This, I feel, is the hardest part of the project (ON YOUR POCKET :-)), invest a large amount of money on a bunch of ceramic rectangles, for a project you still aren’t completely
sure will work…
On top of it all, the project gives you very little help with respect to the real life specifications they need to have. I had the “luck” that a Physics Instrumentalist friend of mine casually had 500 magnets of more or less the specs I needed lying around unused… after having callibrated some special astronomical CCD camera and was willing to give them to me for free…!
That they were a bit weak in magnetic force was no problem for me. I just planned to put the membrane closer to the magnets, 2mm instead of the project’s original 5 mm distance. I had two different types of magnets, one type was plastic, sort of the type you use for your refrigerator, 5.0 x 1.2 x 0.6 cm, of those I used 38 per loudspeaker (76 in total) for the tweeter section. And for the woofer section I used aprox. 150 magnets per speaker, of a ceramic type, 2.5 x 1.9 x 0.4 cm, of a much lower magnetic strength than the others. I recommend you find long and thin rectangular magnets, that follow the diagrammes specs with respect to the plane of magnetization (Fig. 1).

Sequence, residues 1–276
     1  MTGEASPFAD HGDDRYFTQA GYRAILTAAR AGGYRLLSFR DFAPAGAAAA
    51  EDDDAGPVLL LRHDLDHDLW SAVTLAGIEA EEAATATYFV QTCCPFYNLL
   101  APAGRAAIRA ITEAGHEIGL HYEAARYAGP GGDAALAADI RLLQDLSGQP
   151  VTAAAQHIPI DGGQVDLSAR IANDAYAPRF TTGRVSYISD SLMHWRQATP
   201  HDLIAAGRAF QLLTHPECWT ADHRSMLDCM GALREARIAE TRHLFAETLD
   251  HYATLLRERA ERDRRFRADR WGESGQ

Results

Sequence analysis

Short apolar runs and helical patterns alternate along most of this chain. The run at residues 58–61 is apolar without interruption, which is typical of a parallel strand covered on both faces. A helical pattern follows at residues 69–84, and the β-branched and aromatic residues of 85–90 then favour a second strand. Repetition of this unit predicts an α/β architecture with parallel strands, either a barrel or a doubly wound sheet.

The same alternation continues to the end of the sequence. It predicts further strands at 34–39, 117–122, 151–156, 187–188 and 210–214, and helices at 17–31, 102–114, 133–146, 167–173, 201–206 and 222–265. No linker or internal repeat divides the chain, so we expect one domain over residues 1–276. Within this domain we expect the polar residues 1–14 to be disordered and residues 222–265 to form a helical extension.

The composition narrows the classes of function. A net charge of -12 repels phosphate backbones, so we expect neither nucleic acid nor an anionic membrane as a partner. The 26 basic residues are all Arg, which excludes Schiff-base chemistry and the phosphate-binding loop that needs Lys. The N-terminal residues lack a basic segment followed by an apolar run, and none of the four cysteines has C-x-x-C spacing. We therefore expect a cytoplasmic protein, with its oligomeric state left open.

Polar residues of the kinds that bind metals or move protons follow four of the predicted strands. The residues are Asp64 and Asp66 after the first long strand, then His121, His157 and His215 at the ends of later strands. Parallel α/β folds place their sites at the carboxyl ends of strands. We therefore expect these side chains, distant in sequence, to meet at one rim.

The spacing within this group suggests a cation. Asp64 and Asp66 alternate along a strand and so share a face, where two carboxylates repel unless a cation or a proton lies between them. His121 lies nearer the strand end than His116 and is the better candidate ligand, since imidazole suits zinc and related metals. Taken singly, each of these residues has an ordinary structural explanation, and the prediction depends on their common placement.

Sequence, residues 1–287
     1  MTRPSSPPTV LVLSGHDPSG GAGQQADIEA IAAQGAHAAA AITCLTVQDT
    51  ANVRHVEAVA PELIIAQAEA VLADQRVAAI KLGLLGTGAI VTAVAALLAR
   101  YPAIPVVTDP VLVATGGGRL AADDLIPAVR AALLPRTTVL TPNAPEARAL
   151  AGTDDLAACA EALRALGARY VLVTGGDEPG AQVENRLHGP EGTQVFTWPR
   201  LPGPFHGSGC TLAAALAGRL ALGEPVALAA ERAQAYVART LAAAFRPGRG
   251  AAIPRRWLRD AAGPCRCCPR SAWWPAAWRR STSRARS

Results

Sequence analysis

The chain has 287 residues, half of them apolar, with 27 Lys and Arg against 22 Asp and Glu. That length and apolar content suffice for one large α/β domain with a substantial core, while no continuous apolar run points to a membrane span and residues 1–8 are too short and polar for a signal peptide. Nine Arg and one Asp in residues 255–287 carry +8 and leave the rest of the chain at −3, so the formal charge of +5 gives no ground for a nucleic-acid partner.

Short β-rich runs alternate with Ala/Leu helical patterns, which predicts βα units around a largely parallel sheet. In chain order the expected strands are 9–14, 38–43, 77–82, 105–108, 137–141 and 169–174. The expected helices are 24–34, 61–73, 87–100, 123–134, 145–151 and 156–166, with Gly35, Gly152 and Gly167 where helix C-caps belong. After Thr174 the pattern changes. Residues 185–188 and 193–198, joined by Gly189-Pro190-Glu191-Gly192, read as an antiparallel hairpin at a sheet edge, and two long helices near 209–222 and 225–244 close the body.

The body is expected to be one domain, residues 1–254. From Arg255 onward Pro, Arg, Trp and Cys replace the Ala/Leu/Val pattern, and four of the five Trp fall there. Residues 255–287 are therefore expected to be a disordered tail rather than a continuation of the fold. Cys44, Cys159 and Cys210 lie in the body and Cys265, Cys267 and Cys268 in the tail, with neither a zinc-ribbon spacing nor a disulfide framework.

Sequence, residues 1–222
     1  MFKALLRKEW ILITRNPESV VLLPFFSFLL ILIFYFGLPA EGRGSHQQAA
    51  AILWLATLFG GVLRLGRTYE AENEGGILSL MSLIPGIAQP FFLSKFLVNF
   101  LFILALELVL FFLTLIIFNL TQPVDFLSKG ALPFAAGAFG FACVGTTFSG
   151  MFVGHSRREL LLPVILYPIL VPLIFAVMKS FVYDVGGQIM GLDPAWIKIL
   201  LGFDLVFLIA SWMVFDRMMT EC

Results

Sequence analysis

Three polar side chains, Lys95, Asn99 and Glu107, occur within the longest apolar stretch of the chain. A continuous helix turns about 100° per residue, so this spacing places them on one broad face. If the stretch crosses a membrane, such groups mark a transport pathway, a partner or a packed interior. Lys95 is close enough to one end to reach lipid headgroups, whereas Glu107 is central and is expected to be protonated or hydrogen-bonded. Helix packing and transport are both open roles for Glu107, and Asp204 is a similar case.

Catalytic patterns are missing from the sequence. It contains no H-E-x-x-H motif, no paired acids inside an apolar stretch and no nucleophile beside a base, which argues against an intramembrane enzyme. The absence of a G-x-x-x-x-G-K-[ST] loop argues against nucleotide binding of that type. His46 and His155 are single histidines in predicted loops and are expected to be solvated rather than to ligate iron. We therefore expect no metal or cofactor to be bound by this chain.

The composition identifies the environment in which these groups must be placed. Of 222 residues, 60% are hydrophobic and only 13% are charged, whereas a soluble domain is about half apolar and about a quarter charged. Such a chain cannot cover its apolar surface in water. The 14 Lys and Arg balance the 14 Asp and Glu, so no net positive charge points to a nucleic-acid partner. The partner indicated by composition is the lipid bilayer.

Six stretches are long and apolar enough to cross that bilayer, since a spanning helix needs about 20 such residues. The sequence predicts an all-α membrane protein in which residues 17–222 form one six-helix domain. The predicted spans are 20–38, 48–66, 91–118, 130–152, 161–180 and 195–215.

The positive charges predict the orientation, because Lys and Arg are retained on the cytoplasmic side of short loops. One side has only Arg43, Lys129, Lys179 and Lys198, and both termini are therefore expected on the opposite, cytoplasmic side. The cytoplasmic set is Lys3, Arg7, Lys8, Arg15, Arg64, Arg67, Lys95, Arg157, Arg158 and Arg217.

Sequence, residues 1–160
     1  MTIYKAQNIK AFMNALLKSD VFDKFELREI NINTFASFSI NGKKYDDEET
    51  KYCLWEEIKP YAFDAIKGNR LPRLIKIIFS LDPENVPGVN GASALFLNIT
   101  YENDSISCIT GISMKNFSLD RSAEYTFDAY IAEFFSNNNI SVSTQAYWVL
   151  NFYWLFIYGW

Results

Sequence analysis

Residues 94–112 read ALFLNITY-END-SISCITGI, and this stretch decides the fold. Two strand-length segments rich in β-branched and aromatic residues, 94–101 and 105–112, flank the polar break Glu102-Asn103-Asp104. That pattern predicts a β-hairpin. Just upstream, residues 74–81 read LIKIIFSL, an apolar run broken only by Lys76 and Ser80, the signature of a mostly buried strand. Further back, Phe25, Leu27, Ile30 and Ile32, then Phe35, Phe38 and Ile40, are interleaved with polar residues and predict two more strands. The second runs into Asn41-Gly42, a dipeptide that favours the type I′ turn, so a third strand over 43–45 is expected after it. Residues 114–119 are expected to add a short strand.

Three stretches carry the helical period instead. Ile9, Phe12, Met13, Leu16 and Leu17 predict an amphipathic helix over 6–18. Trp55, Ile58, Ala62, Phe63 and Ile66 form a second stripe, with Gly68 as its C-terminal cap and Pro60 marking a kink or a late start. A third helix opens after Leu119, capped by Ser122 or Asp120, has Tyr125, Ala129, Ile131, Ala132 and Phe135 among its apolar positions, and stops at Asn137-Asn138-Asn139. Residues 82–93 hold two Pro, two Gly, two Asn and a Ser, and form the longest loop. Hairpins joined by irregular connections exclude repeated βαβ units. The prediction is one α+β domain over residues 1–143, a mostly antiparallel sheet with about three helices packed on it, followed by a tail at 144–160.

I have not been able to find magnet distributors in Chile…. but I have not tried too hard either. I hope you do find them where you live. The original project recommends rare earth magnets due to their strength and due to the fact that their magnetic fields are not strongly affected by the presence of other magnets close by. I will in the near future include more info on this subject.
Fig. 2 is a diagramme showing how to place the magnets on the perforated metal plate, notice the fact that the first row on one plate is the contrary of the other plate, this relates to the tweeter magnets too.
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